Fit For A Novel: U.S., Russia Differences Over Syria

The past couple of weeks have sometimes felt like an international thriller as American and Russian leaders moved their chess pieces around the board. Renee Montagne talks to Washington Post columnist and novelist David Ignatius about the strategies involving Syria.

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RENEE MONTAGNE, HOST:

The past couple of weeks have sometimes felt like an international thriller, as American and Russian leaders moved their chess pieces around the board, which is why we turn to columnist David Ignatius. He writes on foreign affairs for The Washington Post, and he writes spy novels, thrillers like "Body of Lies," which was made into a movie. So he knows a lot about the twists and turns of the geopolitical tale that is playing out over Syria.

David, welcome to the program again.

DAVID IGNATIUS: Thank you.

MONTAGNE: So we have had a country weary from two long wars. We have a sitting U.S. president who has promised to wind down wars, not start them, the apparent use of chemical weapons, a former superpower in Russia trying to prop up a dictator in the Middle East - pretty good start, wouldn't you say, for a story?

IGNATIUS: It certainly is a good set-up. I'd have to say the plot elements in this one, if you tried to write them, would seem so unlikely. Also, I'd have to say, so slow-moving. I mean, this diplomacy has been going on for nearly two years and finally came to fruition this week in what seemed a series of accidents but in fact were not. You know, there's a chess game aspect to it, there's a hopscotch aspect to it, there's a musical chairs aspect to it. I mean, there are a lot of games going on as this diplomacy worked itself out.

MONTAGNE: Well, pick a couple of moments that would find their way, especially if you're just talking these last couple of weeks when things really got moving and got the world's attention.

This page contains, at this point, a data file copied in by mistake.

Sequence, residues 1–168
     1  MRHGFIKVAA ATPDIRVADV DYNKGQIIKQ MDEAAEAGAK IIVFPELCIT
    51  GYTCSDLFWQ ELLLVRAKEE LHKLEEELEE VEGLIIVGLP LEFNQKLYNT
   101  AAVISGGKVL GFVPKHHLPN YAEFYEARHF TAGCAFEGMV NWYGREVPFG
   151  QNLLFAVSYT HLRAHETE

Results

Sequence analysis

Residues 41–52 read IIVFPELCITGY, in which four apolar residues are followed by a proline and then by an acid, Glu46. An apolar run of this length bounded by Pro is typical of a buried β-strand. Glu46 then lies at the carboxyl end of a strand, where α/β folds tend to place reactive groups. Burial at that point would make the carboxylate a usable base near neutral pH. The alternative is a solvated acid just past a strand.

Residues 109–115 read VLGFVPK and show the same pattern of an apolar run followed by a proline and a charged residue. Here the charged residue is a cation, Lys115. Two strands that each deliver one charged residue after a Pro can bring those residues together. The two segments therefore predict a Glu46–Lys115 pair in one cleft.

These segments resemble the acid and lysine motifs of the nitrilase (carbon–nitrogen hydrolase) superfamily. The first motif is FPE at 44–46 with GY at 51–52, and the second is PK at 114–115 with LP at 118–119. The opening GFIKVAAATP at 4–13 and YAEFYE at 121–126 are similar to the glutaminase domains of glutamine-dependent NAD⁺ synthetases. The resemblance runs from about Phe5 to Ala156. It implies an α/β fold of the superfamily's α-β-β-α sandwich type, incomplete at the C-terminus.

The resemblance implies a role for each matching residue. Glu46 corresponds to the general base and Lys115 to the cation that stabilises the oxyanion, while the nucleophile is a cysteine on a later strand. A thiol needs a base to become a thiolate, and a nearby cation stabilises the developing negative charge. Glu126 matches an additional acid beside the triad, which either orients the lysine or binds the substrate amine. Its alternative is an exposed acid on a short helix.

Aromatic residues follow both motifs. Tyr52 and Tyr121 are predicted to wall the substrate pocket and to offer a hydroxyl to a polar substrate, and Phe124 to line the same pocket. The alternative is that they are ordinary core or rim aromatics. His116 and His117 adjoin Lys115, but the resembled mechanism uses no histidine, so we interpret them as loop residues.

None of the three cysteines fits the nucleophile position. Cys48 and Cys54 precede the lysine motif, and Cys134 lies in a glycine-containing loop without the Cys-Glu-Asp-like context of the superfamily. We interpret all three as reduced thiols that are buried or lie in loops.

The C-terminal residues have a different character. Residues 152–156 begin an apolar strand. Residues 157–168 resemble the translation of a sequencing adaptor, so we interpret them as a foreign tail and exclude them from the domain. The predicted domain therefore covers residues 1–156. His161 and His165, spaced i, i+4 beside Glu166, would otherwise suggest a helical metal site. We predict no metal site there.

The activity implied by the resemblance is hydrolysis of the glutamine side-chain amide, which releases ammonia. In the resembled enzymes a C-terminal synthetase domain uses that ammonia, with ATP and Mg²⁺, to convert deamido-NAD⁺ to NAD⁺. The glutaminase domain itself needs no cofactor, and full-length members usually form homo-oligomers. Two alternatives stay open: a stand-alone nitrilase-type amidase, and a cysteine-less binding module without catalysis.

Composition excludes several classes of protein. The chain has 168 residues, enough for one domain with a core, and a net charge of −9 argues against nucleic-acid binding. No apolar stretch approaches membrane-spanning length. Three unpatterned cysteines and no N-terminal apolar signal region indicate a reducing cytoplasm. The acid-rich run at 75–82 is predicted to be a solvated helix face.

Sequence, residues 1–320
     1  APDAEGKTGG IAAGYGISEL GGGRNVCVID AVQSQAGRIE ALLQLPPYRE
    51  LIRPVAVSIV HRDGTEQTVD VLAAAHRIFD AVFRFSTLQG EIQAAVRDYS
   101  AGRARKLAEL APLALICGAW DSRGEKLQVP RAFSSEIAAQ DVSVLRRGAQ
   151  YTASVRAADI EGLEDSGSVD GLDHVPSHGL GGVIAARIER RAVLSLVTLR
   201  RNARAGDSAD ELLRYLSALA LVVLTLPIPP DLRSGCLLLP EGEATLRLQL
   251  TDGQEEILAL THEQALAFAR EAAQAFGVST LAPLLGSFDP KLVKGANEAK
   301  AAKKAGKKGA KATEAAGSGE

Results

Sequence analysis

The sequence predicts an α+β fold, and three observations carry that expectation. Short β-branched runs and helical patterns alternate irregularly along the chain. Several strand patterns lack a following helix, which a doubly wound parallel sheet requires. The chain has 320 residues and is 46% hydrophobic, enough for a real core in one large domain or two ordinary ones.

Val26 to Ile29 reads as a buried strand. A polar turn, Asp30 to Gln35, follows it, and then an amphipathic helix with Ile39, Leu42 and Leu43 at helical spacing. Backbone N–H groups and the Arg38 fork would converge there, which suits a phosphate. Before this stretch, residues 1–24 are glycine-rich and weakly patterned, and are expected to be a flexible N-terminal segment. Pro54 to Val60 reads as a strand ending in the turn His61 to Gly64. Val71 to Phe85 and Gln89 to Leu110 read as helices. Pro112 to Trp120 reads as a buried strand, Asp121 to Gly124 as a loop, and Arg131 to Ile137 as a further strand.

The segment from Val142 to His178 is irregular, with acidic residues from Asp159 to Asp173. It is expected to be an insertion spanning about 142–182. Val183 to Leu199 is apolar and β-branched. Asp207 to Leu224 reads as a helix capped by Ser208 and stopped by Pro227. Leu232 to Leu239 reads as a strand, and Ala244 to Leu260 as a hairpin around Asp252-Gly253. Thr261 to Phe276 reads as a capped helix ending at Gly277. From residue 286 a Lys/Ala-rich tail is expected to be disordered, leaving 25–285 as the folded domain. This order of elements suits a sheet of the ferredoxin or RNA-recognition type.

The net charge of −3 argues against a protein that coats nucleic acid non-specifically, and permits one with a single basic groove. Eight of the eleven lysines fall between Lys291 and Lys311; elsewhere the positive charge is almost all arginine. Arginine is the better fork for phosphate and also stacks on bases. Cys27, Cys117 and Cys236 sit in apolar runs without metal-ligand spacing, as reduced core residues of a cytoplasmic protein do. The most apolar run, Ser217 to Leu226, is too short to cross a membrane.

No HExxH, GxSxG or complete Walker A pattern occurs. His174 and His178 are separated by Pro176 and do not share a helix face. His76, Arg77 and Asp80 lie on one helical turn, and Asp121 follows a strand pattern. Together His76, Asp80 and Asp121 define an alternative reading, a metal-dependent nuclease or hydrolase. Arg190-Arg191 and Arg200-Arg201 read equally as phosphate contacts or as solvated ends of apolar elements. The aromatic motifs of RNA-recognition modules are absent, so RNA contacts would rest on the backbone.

IGNATIUS: This an example of something you see often in diplomacy and often in storytelling, which is the way in which actions are foreshadowed by characters in ways that don't immediately pay off but do later. In the case of Russia's offer to establish international control of Syria's chemical weapons, that's an idea that Russian President Vladimir Putin and President Obama began talking about more than a year ago. It's an idea that Secretary of State John Kerry talks about almost every time he meets with the Russian foreign minister, Sergei Lavrov. And what makes this dramatic is that it finally came to fruition only after President Obama had said - I think convincingly - that he was prepared to go to war. And only then did Putin take him aside and say, you know that thing we've been talking about international control of Syrian weapons, let's see what we can do about that. And then Kerry seemed to make an inadvertent comment, but it wasn't quite as inadvertent as it seemed. Lavrov, the Russian foreign minister, jumped on it, and all of the sudden you had Syria saying we might be prepared to do this, and a completely different situation.

MONTAGNE: But did the Russians seize this opening? I mean, did they in a sense outfox the Americans?

IGNATIUS: I don't know if you can say they outfoxed the Americans, since this is the outcome that the United States wants. In a sense, the Russians were pressured into doing the thing that the United States has been wanting them to do now for two years, which is to move in and take ownership of the chemical weapons problem. Russian President Putin is getting some credit for this. And I think the feeling in the White House is that's fine. I wrote a year ago that U.S. policy should be focused on winning a Nobel Peace Prize for Vladimir Putin. In other words, pushing him towards precisely what he seems to have done this week. And I think that's right. It's fine for Putin to get credit doing things that are in America's interest.

MONTAGNE: Well, finally, I mean, there can only be so many more turns and twists here. Do you think these events have changed the actual story? That is, will Russia get on board with the U.S. and other countries and force some kind of end to this war?

IGNATIUS: We'll have to see whether Russia is serious about reclaiming a role as an international broker. But the more you look at this, the more questions there are. What role is Iran going to play? Is Iran too going to be invited to come into some kind of diplomatic process? How's Israel going to feel about having Iran around the table? So, this is a complicated story. The twists are, I think, just beginning. I don't promise this will keep people up at night the way a good novel does but it's going to go on for a lot more chapters.

MONTAGNE: David Ignatius writes a column on foreign affairs for the Washington Post. His most recent novel is "Blood Money." Thanks very much for joining us.

IGNATIUS: Thank you, Renee.

MONTAGNE: And you are listening to MORNING EDITION from NPR News.

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